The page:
Ronald Craig Butler
Student, University of Northern Iowa
Music Teacher, Martin Luther King Center
Cause of Death: Stabbed
Murder Scene and Date
327 Sumner Street
Black Hawk County
October 18, 1977
By Nancy Bowers
Ronald “Ronnie” Butler knew what he wanted in life. The University of Northern Iowa student had his sights set on teaching music and overseeing professional stage productions. When the Waterloo Courier interviewed Ronald in the mid-1970s he enthusiastically described learning set building, costume making, and general stage production in his UNI Drama Department studies.
Written April-May 2012
In October of 1977, the 23-year-old was especially busy with voice lessons and rehearsals for UNI’s production of “The King and I.”
He also sang at his church and cheered residents at three local nursing homes with performances and sing-a-longs.
Then in early October of 1977, the energetic Ronald took on a part-time job at the Martin Luther King Center for Education and Vocational Training.
A Waterloo Courier article about his hiring at the King Center noted:
“[he will be] in charge of the musical education program . . . and teach “theory, individual lessons [in violin and piano], ensemble organization . . . and give the students opportunities to see and hear musical productions in the area . . . .”
Ronald lived with his widowed mother Havanna Butler in a well-kept house at 327 Sumner Street, where the Butler family had lived for 30 years. The quiet neighborhood was close-knit and friendly and everyone was proud of Ronald and his accomplishments and supported the neatly dressed, pleasant young man’s aspirations.
☛ Death of Dreams ☚On the morning of Tuesday, October 18, 1977, Ronald set out from home in his beat-up 1969 Ford.
He first dropped off materials for another instructor at the Martin Luther King Center at 515 Beech Street. He told Center Director Mary Berdell he had a cold or flu and had cancelled his nursing home visit in order to see a doctor.
Between 8:30 and 9:45, a postal employee saw Ronald pick up his mail from the Waterloo Postal Annex building at 512 W. Jefferson Street.
After that, he went to a loan company. By then, however, Ronald was not alone. He was with a slight young man with blond, shoulder-length hair.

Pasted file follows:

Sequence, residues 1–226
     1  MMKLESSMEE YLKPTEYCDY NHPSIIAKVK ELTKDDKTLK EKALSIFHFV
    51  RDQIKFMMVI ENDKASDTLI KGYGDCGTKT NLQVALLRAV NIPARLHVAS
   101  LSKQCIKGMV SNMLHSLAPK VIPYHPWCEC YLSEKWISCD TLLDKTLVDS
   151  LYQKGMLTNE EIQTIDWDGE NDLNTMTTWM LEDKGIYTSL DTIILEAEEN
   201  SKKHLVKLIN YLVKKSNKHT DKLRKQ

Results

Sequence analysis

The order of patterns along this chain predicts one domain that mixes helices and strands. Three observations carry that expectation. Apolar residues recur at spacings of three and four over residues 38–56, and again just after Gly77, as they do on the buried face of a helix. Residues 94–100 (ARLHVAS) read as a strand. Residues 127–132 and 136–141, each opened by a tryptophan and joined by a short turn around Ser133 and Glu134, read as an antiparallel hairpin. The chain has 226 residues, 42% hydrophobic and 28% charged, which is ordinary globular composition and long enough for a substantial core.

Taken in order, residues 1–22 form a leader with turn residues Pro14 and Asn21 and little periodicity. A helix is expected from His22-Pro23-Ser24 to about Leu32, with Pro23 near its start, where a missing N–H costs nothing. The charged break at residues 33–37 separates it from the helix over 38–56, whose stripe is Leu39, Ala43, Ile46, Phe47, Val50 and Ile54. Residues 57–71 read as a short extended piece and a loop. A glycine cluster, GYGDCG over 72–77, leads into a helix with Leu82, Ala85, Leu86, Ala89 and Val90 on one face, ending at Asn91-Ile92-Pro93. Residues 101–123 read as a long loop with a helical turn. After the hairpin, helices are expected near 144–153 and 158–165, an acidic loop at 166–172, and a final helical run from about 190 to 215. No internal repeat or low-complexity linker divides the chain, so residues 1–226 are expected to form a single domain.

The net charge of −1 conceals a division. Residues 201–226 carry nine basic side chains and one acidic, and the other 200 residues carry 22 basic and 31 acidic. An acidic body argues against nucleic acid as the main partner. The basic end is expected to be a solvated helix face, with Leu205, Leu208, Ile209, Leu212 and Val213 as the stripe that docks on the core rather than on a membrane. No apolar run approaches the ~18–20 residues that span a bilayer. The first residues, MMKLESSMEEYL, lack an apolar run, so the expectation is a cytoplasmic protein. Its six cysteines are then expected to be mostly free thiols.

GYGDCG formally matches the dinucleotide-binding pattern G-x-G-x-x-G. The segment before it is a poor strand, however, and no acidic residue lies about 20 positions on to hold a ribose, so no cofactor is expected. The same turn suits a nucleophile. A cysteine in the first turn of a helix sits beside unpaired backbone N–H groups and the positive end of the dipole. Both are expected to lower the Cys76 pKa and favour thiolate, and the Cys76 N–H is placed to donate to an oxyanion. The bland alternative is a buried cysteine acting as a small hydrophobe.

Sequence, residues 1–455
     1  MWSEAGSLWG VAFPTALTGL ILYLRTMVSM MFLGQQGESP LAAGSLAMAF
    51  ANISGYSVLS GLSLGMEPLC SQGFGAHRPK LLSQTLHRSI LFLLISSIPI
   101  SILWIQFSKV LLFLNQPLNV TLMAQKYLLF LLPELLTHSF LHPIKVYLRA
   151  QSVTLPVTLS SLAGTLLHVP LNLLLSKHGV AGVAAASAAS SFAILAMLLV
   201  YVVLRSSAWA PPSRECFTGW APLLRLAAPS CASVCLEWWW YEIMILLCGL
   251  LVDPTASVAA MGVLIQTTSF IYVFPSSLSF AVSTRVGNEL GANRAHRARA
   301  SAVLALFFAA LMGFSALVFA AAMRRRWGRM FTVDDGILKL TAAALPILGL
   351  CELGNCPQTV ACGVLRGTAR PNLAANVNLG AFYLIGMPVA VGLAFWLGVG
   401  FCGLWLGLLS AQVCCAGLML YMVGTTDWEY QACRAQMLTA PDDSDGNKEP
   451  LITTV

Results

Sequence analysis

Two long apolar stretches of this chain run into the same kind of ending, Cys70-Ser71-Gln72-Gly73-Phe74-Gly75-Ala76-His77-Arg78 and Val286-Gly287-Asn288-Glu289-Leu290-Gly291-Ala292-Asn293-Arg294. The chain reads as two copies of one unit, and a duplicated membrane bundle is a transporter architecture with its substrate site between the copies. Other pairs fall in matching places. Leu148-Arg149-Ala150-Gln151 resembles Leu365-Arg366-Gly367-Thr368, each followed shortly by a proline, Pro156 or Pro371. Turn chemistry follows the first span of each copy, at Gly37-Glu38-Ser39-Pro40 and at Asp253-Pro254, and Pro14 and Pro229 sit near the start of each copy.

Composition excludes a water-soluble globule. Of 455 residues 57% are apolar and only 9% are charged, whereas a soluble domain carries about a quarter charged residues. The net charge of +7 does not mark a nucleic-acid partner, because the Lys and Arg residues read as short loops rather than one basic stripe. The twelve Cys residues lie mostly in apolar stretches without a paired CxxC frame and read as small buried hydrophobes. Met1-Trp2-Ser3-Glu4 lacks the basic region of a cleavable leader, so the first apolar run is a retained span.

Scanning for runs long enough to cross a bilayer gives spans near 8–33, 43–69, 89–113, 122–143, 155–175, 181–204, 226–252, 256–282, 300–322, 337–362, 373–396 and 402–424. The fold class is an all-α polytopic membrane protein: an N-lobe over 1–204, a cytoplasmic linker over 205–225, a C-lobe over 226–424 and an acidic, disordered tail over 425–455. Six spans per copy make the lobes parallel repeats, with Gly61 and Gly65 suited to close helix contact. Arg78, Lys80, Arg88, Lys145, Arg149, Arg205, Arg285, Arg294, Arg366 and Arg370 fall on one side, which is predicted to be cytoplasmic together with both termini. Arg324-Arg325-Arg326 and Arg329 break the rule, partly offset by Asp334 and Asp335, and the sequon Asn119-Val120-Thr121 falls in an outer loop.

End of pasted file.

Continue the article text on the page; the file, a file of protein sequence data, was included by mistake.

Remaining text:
The man was still with him when Ronald stopped to make a deposit at a bank. And later, the two were seen walking along Fifth Street between Mulberry and Sycamore.
☛ Something Wrong in the Bathroom ☚
About 3:00 p.m., Ronald’s mother Havanna came home from work.
She noticed the bathroom door was closed and locked. Immediately, she worried that something was wrong and pushed on the door.
When she managed to get it open, Havanna Butler found her son lying on the floor in his own blood. She placed an emergency call for an ambulance, but Ronald was dead on arrival at St. Francis Hospital.
Black Hawk County Medical Examiner Dr. Paul O’Keefe performed an autopsy at the hospital that determined Ronald Butler was stabbed once in the back and died of a punctured lung.
☛ Investigation ☚
Waterloo Police Capt. Frank Bemisdarfer headed up the murder investigation.
Waterloo Police examined the Butler home and took the front door screen as evidence.
In the days following the murder, four witnesses came forward who saw Ronald Butler with the other man on the day of the murder; they helped a sketch artist put together a drawing of him.
The suspect was a light-complexioned, white teenager between 16 and 18 who had shoulder-length, slightly wavy blond hair and light eyebrows. He was between 5’6” to 5’10” and weighed about 125 pounds.
This man became the prime suspect in the murder.
☛ Searching for the Unknown Man ☚
For two hours on the mornings of October 23 and 24, Waterloo Police stopped all drivers in the 500 block of Jefferson Street, a one-way street that runs past the Postal Annex where Butler picked up his mail the morning of his death.